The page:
Friday, April 9, 2010

Nature's Symmetry - Along the Old Lehigh Canal

Rip off the labels, and enjoy Nature's symmetry.  Anytime.

Here we are, at Lock #7 again.  "Lock" as in a man-made chamber along a body of water that raised and lowered boats from one level to the next.  It is how man overcame the elevation change along the 700 feet of relief from Mauch Chunk to Easton, Pennsylvania.  Most locks were around 15-20 feet in height, and were built so two boats could fit in one lock at a time.  Unlike the Delaware Canal, the destination of the boats on the Lehigh Canal, which could only accomodate one boat at a time.  Josiah White, ever the ingenious innovator, created a new type of door for the upper side of each lock.  The boat moving downstream with its load of coal only needed to nudge the door down, like an upside down doggy door to enter the lock.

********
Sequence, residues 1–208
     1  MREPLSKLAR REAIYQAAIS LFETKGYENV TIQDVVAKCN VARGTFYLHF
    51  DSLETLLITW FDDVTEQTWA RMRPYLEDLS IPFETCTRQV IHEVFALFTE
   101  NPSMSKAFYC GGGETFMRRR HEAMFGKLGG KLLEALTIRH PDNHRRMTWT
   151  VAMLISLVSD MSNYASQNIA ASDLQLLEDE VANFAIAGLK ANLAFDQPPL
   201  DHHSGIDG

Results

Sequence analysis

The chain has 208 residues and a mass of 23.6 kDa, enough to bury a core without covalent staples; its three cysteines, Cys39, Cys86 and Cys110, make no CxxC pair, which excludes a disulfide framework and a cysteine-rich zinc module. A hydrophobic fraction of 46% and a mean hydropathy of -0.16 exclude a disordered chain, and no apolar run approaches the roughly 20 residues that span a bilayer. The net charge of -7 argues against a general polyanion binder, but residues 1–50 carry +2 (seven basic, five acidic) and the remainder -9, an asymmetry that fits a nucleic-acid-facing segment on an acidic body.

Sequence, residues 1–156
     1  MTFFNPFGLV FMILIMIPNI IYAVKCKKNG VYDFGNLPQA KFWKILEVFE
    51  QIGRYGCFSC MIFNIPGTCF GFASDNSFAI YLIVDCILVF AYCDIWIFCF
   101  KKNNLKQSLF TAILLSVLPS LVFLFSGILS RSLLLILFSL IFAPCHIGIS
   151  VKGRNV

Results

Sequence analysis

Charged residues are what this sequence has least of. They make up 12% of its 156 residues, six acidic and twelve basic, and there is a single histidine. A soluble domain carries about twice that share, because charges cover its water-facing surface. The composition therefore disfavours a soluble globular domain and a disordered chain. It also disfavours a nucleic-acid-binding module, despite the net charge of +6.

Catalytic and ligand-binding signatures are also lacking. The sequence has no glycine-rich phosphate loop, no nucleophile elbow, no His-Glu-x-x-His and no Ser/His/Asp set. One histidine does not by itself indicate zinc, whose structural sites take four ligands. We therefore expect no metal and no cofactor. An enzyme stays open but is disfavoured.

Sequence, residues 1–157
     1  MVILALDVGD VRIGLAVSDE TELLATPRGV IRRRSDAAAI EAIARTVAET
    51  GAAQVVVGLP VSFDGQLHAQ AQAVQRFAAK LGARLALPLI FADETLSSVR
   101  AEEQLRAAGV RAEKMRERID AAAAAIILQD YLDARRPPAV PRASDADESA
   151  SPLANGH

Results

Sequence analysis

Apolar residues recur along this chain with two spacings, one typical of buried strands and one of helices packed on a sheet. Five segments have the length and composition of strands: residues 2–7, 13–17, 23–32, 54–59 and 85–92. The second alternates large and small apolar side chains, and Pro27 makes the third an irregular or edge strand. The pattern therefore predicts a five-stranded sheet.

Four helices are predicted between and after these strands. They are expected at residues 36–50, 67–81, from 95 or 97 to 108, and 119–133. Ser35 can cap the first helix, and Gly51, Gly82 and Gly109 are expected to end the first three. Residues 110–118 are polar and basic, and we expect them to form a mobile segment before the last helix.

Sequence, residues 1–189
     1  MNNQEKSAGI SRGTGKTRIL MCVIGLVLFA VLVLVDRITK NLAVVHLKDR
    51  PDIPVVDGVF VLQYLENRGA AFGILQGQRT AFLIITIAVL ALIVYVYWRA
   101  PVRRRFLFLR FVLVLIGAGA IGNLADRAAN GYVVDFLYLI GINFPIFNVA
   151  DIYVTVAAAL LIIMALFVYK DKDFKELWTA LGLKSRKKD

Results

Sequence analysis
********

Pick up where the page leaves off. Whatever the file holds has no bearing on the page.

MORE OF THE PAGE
The picture above though is about symmetry.  And how the eye embraces the symmetry, and indulges in the muted, blurred tones as if it were a sticky oil-base on canvas.  There is no trick to the photo, except what we accept as up is actually down, and what is down, is up.

This is Lock #4, about 1 1/2 miles north of Lock #7.  The dry masonry only held up for 190 years.  You can traverse this lock, as many along the canal and check out the Locktender house ruins, and here at #4, enjoy a rest and a view from atop the 20 feet observation deck.

No comments:

Post a Comment